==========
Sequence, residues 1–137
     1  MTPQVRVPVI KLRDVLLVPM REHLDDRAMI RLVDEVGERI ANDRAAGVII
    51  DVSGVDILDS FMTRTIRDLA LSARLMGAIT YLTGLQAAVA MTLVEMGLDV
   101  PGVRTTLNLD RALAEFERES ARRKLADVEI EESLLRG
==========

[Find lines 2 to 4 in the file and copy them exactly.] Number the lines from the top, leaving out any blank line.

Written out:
     1  MTPQVRVPVI KLRDVLLVPM REHLDDRAMI RLVDEVGERI ANDRAAGVII
    51  DVSGVDILDS FMTRTIRDLA LSARLMGAIT YLTGLQAAVA MTLVEMGLDV
   101  PGVRTTLNLD RALAEFERES ARRKLADVEI EESLLRG